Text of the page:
• Mozart says:

                  Okay, educate me, John: Layout, point by point, the line of authority that would make a part-time legislator (like a state senator) have undue influence over, say, the public works official in charge of issuing an RFP and collecting the bids for a library being designed and built on a college university campus?

                  Lay it out. Don’t assume. Tell us how there is a “conflict of interest”.

        • Lady Thinker says:

          Phone banking for the Thief Johnson? Don’t forget to tell them about the unreported $280,000.

  11. Doug Grammer says:


    Is this thread your way of saying Deal is not as done as you had proclaimed?

    • Chris says:

      I think it was either Deal or the GOP’s chances of keeping West Paces Ferry are done.

      • Doug Grammer says:

        I thought that you were on the Deal Done bandwagon as well? I think that Deal has a good chance of winning, but he’s not the only GOP one that has a chance of winning.

        • Icarus says:

          He has no chance of winning a general election, and the only way he can win a primary isn’t anywhere near the strategy he started with.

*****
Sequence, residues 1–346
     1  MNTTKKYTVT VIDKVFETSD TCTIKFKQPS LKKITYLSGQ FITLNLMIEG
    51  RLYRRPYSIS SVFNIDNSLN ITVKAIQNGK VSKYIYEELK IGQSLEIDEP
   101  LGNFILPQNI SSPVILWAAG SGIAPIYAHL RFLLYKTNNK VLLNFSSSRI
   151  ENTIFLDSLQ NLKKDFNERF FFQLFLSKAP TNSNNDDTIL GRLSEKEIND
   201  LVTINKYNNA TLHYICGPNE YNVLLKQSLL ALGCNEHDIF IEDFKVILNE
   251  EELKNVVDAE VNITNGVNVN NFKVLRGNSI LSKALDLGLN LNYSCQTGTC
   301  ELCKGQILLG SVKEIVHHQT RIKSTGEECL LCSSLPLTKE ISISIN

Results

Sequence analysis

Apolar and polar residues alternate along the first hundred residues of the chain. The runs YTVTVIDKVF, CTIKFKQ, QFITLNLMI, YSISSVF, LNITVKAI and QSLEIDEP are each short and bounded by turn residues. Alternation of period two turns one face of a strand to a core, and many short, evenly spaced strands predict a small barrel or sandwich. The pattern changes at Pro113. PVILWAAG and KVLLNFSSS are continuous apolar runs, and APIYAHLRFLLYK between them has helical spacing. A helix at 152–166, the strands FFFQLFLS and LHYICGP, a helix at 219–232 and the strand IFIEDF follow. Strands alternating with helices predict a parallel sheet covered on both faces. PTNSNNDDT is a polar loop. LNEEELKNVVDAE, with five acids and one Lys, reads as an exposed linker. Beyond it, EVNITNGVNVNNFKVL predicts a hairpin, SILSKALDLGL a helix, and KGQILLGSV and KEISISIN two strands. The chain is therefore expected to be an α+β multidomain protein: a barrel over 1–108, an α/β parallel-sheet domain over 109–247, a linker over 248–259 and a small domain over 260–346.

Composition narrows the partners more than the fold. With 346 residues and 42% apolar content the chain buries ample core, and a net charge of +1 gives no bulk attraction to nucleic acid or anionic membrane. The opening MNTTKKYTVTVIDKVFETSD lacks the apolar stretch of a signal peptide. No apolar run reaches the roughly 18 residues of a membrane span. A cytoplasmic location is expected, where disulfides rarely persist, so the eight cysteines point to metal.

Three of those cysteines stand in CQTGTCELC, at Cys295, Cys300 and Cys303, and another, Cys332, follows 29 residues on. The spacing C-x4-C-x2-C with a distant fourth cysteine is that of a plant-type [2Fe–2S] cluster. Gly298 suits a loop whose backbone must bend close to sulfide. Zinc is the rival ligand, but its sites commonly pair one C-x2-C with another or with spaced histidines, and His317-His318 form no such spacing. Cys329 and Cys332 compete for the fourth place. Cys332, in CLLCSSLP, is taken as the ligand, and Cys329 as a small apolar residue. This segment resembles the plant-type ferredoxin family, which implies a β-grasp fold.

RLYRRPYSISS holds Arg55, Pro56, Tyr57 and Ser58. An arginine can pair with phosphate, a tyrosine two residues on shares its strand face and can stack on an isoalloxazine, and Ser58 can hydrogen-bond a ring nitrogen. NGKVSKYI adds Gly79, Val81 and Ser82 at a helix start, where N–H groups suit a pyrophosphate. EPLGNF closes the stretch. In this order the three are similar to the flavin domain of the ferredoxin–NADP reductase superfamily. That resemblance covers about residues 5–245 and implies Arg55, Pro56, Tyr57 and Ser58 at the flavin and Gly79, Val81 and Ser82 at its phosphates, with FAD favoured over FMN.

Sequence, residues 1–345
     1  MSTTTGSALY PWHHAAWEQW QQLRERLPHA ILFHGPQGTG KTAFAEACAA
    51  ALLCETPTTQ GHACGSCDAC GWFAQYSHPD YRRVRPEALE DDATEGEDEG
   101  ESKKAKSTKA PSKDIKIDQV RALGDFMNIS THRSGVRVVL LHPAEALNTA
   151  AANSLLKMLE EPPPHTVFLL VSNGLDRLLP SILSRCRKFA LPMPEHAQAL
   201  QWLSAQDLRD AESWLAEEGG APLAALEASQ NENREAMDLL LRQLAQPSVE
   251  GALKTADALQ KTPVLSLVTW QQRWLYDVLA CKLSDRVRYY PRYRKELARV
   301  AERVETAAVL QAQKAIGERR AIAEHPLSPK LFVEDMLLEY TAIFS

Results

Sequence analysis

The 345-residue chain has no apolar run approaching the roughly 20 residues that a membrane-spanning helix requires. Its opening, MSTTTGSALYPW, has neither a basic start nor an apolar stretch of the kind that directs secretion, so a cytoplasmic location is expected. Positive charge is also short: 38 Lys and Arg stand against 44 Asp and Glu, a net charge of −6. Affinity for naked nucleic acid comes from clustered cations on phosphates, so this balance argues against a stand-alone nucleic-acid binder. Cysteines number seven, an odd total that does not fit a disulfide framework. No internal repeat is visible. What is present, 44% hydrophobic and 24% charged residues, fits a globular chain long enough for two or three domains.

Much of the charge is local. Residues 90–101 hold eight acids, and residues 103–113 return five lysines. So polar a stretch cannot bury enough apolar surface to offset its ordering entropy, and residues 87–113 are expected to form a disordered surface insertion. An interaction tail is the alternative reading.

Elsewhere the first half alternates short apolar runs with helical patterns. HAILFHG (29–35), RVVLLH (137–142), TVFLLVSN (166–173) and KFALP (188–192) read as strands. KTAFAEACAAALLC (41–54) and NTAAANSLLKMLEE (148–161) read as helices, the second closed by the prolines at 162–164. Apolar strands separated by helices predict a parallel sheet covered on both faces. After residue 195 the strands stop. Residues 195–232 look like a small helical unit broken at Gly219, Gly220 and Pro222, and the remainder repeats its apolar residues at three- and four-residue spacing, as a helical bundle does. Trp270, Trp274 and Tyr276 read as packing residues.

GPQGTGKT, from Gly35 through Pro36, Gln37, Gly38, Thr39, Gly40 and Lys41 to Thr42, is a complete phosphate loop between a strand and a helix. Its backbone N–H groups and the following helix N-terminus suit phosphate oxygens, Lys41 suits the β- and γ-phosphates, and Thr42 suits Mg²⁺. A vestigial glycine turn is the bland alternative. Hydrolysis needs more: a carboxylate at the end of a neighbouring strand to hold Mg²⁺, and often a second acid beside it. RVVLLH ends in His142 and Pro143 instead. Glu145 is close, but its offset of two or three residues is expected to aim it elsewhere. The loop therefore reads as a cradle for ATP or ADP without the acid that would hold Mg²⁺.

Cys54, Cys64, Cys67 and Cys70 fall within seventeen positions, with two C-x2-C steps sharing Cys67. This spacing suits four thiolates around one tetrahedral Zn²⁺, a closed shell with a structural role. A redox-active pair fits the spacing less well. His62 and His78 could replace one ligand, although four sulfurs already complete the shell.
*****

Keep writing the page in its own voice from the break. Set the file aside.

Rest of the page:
12. Cool Hand Luke says:

    “His D.C. base of support, both in fundraising and for grassroots, is all but gone.” “….other D.C. establishment insiders are already quietly shifting support to either Eric Johnson or Karen Handel. ”

    Icarus, aside from Price, what do you base this comment on?? Is there any truth to it all? Or is it another situation where you are spreading rumours to get your candidate, Handel, to make the run-off?

    For instance, both you and Handel approached one of Deal’s County Chairs in order to get her to jump ship. You told her that Deal’s own polling data showed him losing support and behind Handel. She checked with the Deal campaign and they told her what you said was a flat out lie.

    She felt very uncomfortable and didn’t appreciate being dealt with in such a fashion.

    It appears that much like Handel, her supporters will say anything to get votes……

    • Icarus says:

      “For instance, both you and Handel approached one of Deal’s County Chairs in order to get her to jump ship. ”

      I have absolutely know idea what or who you are talking about. I haven’t approached anyone. I’m asked my opinion often. I have no idea if I’ve talked to one of Deal’s county chairs, nor do I know who they are.